How to prepare for the end of the real estate cycle

The real estate cycle is the biggest driver of investment activity, and if historical precedent and expert opinions are any indication, then we may be reaching the end and eventual restart of the cycle within the next few years.

This potential downturn, however scary (or opportunistic!) it might be to investors, is an inevitable part of the real estate life cycle. Nothing can keep it from affecting your business, but there are ways to be prepared for it and make your organization as battle-ready as possible when it does arrive.

What is the real estate cycle?

The real estate cycle is made up of four separate stages that the real estate industry consistently goes through:

  • Recovery: New construction is nonexistent, demand grows to absorb the large supply, and interest rates go down. Interest rates typically decrease, and real estate starts appreciating.
  • Expansion: Rental income grows, leading to more demand than supply. Construction begins again when growth reaches a certain level and more construction projects are soon approved. The value of real estate may grow to market value and even beyond. However, this starts to create a bubble.
  • Hyper Supply: Construction outpaces demand, rental growth slows as fewer renters are willing to pay premium rents, and real estate values trend downward.
  • Recession: Interest rates go up and liquidity becomes nonexistent. Real estate values drop, leading to bargain prices. In addition to this, private equity funds start buying real estate, and technological innovations help in getting the next stage underway.

How long is the real estate cycle?

Over the last 100 years, peaks in land value and construction activity have occurred roughly every 18 years, creating a regular cycle of real estate “crashes.” Exceptions to this rule occur when irregular factors speed things up – such as the banking crisis in 2008 that forced lending standards to tighten rapidly. Typically, it takes the market anywhere between five to eight years to recover from a crash. Real estate investors, however, don’t have time to wait for the market to recover; some go completely bankrupt and never get back on their feet.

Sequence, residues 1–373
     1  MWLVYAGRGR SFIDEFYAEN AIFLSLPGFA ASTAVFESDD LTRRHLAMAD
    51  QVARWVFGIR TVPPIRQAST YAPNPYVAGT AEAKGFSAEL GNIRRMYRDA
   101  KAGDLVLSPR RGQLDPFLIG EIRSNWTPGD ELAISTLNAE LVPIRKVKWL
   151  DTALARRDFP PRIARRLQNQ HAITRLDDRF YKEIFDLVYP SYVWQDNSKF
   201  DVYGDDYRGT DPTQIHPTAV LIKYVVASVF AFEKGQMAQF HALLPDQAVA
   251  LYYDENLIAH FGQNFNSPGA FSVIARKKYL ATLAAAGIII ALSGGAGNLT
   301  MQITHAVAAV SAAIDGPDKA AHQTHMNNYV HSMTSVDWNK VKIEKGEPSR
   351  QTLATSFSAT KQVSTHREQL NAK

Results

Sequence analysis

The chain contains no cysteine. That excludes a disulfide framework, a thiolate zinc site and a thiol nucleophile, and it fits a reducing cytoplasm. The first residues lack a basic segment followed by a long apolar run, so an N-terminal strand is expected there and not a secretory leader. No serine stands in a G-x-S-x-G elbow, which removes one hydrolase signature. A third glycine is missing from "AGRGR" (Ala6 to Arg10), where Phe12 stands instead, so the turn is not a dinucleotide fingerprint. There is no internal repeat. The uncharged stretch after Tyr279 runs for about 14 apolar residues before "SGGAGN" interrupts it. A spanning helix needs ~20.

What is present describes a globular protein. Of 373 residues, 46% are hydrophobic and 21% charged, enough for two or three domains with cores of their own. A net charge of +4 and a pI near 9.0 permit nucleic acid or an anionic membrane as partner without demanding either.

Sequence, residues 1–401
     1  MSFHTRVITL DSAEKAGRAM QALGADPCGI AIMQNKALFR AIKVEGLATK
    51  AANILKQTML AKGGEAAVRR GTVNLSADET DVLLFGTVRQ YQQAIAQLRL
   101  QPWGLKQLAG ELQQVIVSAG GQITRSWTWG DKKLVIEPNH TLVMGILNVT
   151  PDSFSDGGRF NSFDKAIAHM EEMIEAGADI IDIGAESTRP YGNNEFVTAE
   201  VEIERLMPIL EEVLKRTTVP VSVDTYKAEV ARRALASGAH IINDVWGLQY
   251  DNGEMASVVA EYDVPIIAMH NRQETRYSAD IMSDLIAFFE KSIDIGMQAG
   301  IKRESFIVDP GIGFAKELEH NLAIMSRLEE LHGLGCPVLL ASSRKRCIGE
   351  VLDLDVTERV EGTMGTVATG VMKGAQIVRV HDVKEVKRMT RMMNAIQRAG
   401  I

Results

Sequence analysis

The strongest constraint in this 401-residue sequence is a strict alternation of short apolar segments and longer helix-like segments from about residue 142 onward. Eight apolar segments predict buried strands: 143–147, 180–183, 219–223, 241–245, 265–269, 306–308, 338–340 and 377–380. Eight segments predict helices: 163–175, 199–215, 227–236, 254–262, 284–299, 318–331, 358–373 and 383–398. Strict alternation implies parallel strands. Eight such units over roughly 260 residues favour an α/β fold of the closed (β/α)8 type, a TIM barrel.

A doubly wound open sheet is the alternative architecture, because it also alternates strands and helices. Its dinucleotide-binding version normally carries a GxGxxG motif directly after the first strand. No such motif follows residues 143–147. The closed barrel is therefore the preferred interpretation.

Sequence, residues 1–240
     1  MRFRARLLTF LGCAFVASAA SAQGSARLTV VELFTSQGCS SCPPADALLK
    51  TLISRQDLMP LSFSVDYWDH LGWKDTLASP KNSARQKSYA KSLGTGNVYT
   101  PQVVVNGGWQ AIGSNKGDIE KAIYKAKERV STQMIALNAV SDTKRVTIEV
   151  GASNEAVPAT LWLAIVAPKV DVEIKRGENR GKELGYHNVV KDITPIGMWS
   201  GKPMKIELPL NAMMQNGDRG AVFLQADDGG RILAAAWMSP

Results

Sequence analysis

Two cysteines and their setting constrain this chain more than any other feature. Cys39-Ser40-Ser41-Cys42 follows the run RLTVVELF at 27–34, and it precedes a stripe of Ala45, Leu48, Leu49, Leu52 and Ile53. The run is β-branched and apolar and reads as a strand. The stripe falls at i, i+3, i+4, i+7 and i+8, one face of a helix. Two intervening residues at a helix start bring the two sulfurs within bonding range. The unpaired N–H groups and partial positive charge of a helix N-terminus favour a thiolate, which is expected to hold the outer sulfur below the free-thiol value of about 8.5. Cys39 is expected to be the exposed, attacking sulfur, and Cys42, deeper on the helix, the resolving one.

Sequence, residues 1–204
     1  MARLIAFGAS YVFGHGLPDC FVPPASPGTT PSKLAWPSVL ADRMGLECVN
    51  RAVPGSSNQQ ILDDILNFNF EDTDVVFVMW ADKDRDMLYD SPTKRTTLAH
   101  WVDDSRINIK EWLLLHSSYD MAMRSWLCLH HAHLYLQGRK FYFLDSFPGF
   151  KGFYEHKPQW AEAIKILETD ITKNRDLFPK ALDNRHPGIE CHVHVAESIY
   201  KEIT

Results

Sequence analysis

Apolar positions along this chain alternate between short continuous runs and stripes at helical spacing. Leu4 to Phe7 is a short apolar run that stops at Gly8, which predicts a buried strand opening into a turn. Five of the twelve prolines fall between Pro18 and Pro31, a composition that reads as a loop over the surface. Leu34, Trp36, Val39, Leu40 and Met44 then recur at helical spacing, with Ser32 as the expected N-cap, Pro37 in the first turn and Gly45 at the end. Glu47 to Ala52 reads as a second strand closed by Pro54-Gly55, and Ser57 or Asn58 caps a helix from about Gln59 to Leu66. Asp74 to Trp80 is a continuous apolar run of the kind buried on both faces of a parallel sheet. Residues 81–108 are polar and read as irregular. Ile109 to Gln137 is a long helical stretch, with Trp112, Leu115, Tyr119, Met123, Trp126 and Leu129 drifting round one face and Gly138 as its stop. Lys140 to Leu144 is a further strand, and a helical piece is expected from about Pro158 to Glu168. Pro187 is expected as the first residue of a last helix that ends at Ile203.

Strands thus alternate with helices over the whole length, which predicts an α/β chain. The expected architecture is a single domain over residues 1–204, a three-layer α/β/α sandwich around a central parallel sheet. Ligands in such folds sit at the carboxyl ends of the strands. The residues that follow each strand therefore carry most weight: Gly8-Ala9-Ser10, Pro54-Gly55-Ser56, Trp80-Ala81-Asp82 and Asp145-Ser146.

Where are we in the real estate cycle?

There have been several signs of a decrease in growth for the U.S. economy, which implies that we may be nearing the end of the expansion phase. If that’s the case, then is it possible we might be moving toward the hyper supply phase or even a recession? And when can we expect to see a shift? There are no definitive answers, but a survey in The Wall Street Journal examines those questions.

According to the survey, 59% of private-sector economists surveyed say the economy is likely to stop expanding in 2020, while 22% said that a slowdown in growth might be seen in 2021. A smaller portion of respondents said that a recession could begin as early as 2019, 2022, or a later, unspecified date. Out of the economists surveyed, 62% believe the recession will most likely be caused by the Federal Reserve’s reigning in of the economy. However, around 5% believe the recession will be caused by other factors such as disruptions to national trade or an unspecified bubble burst.

Is there anything that can be done to mitigate risk?

While the thought of an upcoming recession may frighten some and even bring on bad memories from the 2008 financial crisis, there are ways for investors to prepare themselves now for what lies ahead.

  • Put forecasting disciplines in place. Use market assumptions and benchmarks to find the middle of the road and keep track of your portfolio’s standing in the market.
  • Use predictive analytics to identify trends and patterns in the marketplace based on historical data.
  • Utilize debt management. Do you finance your projects with debt, or do you pay with cash? Use debt to maximize returns and performance without exposing you to risk as the market and interest rates change.
  • Take full advantage of strategic planning. Conduct this planning across all levels of your business – asset, portfolio, fund, and the corporate level. In addition, consider exploring strategic partnerships and joint ventures.

By taking these actions now, you can potentially minimize the impact on your portfolio if future financial turbulence should arrive.

How technology can help real estate investors prepare

Taking these cautionary steps can help mitigate risk, but it’s crucial that you implement the proper technologies that can help you take these steps the right way.

  • Fund Modeling. This tool can help you blend historical financial information with forecasted consolidations and fund-level activities to run “what if” scenarios and produce forecasted performance metrics such as returns and yields. The powerful and flexible calculation logic combined with strict data integrity can help you get a better look at how your portfolio might fare in a recession.
  • Asset Modeling. Optimize property performance with calculated insights at the property level. Perform lease-level sensitivity analyses and forecast and value your assets. Produce reports for a board or trust using an executive-level standard report library, and view reports by property type, country, region, sub-region and MSA.
  • Debt Management. Investors can streamline the management of debt payments, store documents and lender/borrower information, automate the creation of journal entries, and produce in-depth debt reports. Debt Management is a great tool for investors looking to mitigate risk as we reach the end of the real estate cycle.

To learn more about how investors can prepare for the end of the real estate cycle, explore MRI Software’s investment solutions.

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